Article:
Over the years there has been much discussion on the nuances and value, or lack-thereof, of Test-Driven Development (TDD). As part of those discussions there have been many blogs and books which talk about listening to your tests. This is one of the key elements of the discipline that is not immediately obvious when you first start out. In the following blog post I endeavour to explain this point in more detail.
I am a signed up believer in building a code base from the Outside-In. In it’s simplest form this means that you should start at the boundary of your system and work in until all actions have been fully realised. For instance, in a web app when a user signs up for an account the system may need to create an account, send an email, and call a service. If I am building this app I will start with the Account Signup UI and allow the tests to find the collaborators and contracts which need to be fulfilled for the system to function.
The Sanity Check
This morning I was working on piece of code which would give users Rewards based on their activity. I wasn’t sure how it would work so I sat down with a bit of paper and figured out the pseudocode for my RewardGiver:
void rewardUserForRecentActivity(User) for each reward type (there are a number of different rewards) if (user is eligible for reward) if (user has not earned reward) Give Reward
I decided that for each reward there should be a guy which implemented the
RewardCalculator interface and it seemed like it would be a good idea for that guy to handle both the if statements in the pseudocode; all of this seemed straightforward enough.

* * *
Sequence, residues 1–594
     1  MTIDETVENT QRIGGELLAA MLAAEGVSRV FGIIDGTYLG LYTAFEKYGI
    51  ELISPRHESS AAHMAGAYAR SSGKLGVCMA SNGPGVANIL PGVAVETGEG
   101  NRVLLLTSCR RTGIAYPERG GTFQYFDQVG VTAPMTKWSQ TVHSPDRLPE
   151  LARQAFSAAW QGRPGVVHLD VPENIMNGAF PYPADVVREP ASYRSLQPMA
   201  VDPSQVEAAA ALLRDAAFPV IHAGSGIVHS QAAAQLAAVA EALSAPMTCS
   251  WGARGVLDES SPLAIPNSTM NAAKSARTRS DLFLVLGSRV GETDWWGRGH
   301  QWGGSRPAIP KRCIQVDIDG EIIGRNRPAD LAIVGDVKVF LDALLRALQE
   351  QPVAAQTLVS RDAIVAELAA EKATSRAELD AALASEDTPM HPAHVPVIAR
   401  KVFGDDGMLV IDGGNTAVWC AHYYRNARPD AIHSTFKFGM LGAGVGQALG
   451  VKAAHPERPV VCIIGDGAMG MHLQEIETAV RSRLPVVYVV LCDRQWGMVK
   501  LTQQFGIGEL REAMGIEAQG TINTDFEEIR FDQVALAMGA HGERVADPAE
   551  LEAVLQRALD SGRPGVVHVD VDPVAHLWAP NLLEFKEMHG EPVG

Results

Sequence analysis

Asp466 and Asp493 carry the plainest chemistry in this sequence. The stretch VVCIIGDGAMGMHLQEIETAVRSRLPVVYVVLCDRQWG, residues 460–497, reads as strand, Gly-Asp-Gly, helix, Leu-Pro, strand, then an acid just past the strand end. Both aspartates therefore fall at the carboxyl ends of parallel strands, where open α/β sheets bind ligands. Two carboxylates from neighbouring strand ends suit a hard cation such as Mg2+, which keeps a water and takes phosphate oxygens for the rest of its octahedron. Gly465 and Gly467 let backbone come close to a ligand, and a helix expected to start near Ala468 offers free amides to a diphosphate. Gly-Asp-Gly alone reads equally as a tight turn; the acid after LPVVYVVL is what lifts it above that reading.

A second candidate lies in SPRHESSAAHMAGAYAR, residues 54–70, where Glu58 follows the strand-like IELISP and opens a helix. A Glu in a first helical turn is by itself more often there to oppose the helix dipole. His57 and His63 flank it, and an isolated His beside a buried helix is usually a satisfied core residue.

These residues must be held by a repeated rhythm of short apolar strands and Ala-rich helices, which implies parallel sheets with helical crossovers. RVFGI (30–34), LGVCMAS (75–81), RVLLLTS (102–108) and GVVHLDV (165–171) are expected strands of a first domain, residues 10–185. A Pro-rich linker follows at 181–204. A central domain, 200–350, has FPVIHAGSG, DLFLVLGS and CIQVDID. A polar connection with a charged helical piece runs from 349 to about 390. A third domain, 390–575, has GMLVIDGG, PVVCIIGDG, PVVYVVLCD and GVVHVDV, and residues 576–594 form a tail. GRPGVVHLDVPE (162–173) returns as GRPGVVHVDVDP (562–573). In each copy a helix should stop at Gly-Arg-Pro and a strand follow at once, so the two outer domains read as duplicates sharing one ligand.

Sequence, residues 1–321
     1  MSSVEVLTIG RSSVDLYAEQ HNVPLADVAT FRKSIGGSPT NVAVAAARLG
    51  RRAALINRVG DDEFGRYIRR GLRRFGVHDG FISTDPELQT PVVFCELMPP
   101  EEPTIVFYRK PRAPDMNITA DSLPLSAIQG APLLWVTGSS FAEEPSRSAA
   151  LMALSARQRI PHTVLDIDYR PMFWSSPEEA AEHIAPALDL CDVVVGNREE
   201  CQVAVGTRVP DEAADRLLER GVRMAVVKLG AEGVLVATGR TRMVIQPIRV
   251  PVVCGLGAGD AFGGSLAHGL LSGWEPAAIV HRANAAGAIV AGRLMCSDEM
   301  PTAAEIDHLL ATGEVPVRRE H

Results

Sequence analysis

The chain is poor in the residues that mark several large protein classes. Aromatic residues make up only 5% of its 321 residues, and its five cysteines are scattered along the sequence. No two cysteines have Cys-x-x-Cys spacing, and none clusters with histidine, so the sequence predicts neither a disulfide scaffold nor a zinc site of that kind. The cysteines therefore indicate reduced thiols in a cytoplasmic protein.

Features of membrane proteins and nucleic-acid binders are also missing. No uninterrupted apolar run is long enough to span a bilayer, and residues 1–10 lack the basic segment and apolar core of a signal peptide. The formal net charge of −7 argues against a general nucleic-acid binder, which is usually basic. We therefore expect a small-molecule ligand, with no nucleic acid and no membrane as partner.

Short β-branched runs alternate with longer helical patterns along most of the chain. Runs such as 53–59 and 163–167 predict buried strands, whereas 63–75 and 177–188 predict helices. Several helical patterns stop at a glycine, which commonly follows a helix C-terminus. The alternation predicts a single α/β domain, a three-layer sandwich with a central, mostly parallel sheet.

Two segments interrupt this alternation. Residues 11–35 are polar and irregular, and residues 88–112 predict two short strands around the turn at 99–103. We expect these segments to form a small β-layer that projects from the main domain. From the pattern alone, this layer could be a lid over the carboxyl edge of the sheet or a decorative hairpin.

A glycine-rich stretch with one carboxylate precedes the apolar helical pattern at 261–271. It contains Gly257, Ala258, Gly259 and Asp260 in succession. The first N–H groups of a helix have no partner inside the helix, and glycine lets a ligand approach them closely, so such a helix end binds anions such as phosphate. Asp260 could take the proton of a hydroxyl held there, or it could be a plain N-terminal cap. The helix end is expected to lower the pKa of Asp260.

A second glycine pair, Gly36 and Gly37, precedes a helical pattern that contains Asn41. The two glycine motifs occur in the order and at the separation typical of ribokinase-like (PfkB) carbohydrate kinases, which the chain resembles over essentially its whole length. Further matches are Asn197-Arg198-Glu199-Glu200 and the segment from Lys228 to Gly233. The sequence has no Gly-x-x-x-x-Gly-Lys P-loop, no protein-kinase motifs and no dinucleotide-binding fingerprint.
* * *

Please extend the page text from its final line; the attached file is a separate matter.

Now to get down to some test writing. I had to think for a minute as the first test doesn’t seem immediately obvious with my nested If condition but I decide to implement
I started to build my test setup to implement this test.
Now I considered my first test. I started to set it up.
The test setup started to feel overly complex for such a simple thing. In addition I was wondering what I should verify to confirm my scenario was working. This led me to consider that additional tests would require more and more setup on the various players in the test.
Watch out for that cumbersome feeling
When things start to feel hard to test, or your test setup cumbersome, that is a tell tale sign that there is something wrong with the design. Quite often you will find that the class you are trying to test is trying to do too much or take on a responsibility that lies elsewhere.
In the case of our RewardGiver the solution to simplify things was simply to combine the conditional checks and move them to the Reward Calculator as described by the following pseudo code.
void rewardUserForRecentActivity(User) for each reward type (there are a number of different rewards) if (user should get reward) Give Reward
After that change the tests practically wrote themselves as the function of rewarding a user was now very straightforward.
Avoid the pitfalls of Inside-Out
If I had taken the original pseudocode:
void rewardUserForRecentActivity(User) for each reward type (there are a number of different rewards) if (user is eligible for reward) if (user has earned reward) Give Reward
and started on the Inside and worked out. This would have meant that I would have implemented all of my reward calculators using this slightly misguided interface design. At that point it would have been a compromise one way, or the other; I would either have had to accept that I did not particularly like the design of RewardGiver but carry on or re-work all my calculators for the new interface. In either case the result would be less than satisfactory. This is why I subscribe to building things from Outside-In.
Avoid the muddle
The algorithm I have described in this sample is unlikely to win any prizes for complexity, but I hope it has demonstrated how easy it is for test code to quickly become complex which in turn makes it harder to maintain and extend your application.
Do yourself a favour - Keep it simple and work from the Outside-In.